Listening to Understand: The LARS Approach for Improved Conversations

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Listening to Understand: The LARS Approach for Improved Conversations
Author: Stijn Dejongh
Published on: 2023-10-10 00:00:00 +0000 UTC
Ammerse Values :
A: Mi: M: E: R: S: Ex:

Problem Statement

You have difficulties connecting with others, and find yourself disengaged during conversations.

Intent

  • Be fully present, focusing on understanding your conversational partner.
  • Improve your relationships by practising empathetic listening.
  • Prioritize listening to understand, rather than simply responding.

Contextual forces

What is this? These describe factors at play that influence the outcome of the practice. They are not necessarily good or bad, but they are important to be aware of. Some contextual forces are enablers, giving the practice a higher chance of being useful. Others are deterrents, making the practice less useful in your given context.

Enablers

  • Genuine care for the person you’re conversing with and a desire to understand them.
  • The topic of conversation is interesting or relevant to you.
  • Ability to stay calm and present during conversations.

Deterrents

  • Your own thoughts are overwhelming, making it difficult to empathize with others.
  • Formal situations where monologue-style speaking is expected (e.g., work presentations or job interviews).
  • Your main job is to solve various problems quickly, and without much interaction (e.g. remote tech support).
  • You do not particularly care for the person you are conversing with.
  • Feeling rushed during the conversation.

Solution

Instead of defaulting to responding, practice empathetic listening using the LARS acronym:

  • (L)isten: Actively listen to what the other person is saying, resisting the urge to formulate a response immediately. If you find your mind drifting, take a deep breath, and refocus on their words. Non-verbal cues like nodding or acknowledging sounds (“aaahhh” , “hm, hm”, “I see”) can help1.

  • (A)sk: Engage your conversational partner by asking questions about their perspective, feelings, and needs. This signals your genuine interest and deepens your understanding. Strike a balance between being interested, and interrupting them too often. Try to avoid overwhelming them with excessive questions, and making your conversational partners feel as if they are being interrogated2.

  • (R)epeat: Validate your understanding by paraphrasing what you’ve heard in your own words. Confirm with your partner that your summary aligns with their message. This reinforces that you’ve genuinely heard and comprehended their words. You can use a variation on one of these formulations to do so: “If I understood correctly …”, “Let me get this straight, you are saying that…”, “So as I understood it, you … . Does that sound right?”, “I will try and summarize to see if I understood correctly, …”.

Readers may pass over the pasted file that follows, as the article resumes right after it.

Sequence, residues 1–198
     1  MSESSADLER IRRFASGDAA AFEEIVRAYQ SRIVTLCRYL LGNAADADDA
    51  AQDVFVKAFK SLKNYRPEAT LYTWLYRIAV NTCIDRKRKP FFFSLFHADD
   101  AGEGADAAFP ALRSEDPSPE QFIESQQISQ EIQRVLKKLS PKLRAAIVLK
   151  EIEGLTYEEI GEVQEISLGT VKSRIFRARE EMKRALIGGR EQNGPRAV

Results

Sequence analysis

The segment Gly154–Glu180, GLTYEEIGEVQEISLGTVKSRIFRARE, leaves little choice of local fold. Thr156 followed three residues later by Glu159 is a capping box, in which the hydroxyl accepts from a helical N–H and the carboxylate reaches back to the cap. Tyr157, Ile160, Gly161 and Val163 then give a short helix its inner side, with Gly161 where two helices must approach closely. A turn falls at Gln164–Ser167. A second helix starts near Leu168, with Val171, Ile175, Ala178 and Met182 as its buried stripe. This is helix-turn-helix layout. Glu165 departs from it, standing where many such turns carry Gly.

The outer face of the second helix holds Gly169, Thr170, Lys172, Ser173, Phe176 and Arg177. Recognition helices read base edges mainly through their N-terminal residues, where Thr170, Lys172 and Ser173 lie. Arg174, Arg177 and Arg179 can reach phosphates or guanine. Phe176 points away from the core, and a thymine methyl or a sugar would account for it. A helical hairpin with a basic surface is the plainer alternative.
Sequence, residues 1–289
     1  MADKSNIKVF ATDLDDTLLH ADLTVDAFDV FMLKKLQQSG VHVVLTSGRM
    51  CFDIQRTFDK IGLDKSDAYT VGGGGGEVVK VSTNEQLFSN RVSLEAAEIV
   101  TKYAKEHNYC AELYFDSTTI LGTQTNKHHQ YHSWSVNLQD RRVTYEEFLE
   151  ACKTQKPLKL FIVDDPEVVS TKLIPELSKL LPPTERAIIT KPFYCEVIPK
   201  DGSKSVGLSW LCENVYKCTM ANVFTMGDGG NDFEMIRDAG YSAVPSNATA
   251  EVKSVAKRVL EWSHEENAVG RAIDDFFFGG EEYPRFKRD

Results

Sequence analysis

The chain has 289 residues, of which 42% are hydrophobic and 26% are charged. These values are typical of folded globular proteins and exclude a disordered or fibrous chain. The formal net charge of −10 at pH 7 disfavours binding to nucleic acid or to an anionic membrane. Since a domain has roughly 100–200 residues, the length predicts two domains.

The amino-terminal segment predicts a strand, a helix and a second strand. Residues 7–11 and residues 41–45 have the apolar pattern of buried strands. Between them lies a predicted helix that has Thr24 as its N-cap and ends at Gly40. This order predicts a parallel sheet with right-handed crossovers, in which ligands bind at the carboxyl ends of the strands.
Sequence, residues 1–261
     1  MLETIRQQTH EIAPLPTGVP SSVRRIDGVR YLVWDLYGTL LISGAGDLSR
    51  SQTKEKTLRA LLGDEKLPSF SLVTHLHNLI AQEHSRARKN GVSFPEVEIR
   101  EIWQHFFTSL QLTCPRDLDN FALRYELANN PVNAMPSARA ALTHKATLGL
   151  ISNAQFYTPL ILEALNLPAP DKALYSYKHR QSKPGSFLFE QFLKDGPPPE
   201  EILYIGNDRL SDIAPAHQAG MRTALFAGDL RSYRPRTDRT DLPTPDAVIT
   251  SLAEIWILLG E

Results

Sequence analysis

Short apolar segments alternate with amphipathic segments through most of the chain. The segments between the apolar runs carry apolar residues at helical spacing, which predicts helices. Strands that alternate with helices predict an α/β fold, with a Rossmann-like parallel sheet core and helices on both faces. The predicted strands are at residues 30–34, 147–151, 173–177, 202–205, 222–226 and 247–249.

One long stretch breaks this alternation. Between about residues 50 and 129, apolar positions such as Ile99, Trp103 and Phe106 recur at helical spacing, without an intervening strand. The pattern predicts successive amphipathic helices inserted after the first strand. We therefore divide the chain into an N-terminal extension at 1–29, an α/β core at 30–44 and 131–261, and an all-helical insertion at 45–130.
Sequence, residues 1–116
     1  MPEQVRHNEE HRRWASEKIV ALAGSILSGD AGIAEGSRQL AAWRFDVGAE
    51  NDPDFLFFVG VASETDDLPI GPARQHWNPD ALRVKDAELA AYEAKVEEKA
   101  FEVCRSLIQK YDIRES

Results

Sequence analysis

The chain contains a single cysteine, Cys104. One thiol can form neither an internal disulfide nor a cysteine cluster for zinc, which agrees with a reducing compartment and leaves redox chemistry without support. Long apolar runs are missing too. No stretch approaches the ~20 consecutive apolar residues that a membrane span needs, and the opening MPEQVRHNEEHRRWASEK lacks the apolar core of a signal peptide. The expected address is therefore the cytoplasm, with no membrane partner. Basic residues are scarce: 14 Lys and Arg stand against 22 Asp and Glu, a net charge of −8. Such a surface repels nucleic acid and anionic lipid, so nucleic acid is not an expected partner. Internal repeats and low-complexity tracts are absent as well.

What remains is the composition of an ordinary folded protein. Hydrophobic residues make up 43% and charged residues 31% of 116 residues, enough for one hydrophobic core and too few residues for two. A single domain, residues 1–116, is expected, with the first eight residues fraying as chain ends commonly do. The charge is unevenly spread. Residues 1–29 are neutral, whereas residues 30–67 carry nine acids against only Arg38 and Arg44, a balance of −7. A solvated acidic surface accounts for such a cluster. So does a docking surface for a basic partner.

• (S)uggest: After understanding their perspective and needs, offer suggestions or assistance thoughtfully. Ensure your suggestions align with their concerns without trivializing their feelings or experiences. Little is more painful than sharing your feelings, only to be told that you are likely overreacting. Avoid using trivializing words, and platitudes, such as “just”, “easy”, “we’ve all been there”, “that’s nothing, you should hear what I went through”.

Rationale

In Western society, we often prioritize responding and asserting ourselves in conversations3. However, most people seek conversation for reasons like seeking empathy, getting someone to act, or receiving information. Empathetic listening, defaulting to an “empathy mode,” is usually the key to meaningful connections. When someone talks to you, assume they want to be heard. If in doubt, politely ask what they expect from the conversation.

Examples

Take a moment to tune in to popular talk shows and interview-focused podcasts. Pay close attention to how the hosts skilfully bring out the best in their guests. The best hosts have a unique talent for getting their guests to open up, creating an atmosphere where the guest shines and feels like the most captivating person in the world.

Now, let’s contrast this with the style of “pundits” or “talking heads” on shows that thrive on hot takes, monologues, and criticism of current events or famous individuals. Think about sports shows or political debate programs – they often fit this description perfectly.

Now, consider this: If you were to be interviewed, who would you prefer to be your host? Someone who genuinely aims to make you shine, or someone who seems more interested in tearing you down?

Here’s the real question: What type of host do you aspire to be in your own conversations? The answer may hold the key to more meaningful and impactful interactions.

References


  1. Individuals who struggle with staying “passive” physically or verbally can try techniques like fidgeting with noiseless objects or engaging in doodling or note-taking during conversations to maintain focus. ↩︎

  2. Finding the right balance in asking questions depends on your conversational partner’s preferences. Pay attention to their cues, practice, and consider asking them when in doubt. ↩︎

  3. For instance, political debates often highlight participants’ focus on asserting their viewpoints rather than truly listening, building on top of, or responding to arguments made by other participants. ↩︎